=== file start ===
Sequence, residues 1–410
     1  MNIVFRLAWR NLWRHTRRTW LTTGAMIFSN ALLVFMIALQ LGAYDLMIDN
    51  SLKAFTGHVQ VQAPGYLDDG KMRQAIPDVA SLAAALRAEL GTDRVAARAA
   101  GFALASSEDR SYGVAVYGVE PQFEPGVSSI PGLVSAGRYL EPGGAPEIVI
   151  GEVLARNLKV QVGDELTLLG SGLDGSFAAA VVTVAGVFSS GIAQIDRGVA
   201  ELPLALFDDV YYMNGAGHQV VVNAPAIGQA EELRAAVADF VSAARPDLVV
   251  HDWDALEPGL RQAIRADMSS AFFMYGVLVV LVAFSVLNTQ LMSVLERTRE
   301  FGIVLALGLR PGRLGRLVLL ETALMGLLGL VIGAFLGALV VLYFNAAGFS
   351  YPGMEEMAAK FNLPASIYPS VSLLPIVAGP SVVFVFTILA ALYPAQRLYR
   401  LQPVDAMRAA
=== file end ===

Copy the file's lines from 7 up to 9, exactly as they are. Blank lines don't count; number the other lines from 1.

   251  HDWDALEPGL RQAIRADMSS AFFMYGVLVV LVAFSVLNTQ LMSVLERTRE
   301  FGIVLALGLR PGRLGRLVLL ETALMGLLGL VIGAFLGALV VLYFNAAGFS
   351  YPGMEEMAAK FNLPASIYPS VSLLPIVAGP SVVFVFTILA ALYPAQRLYR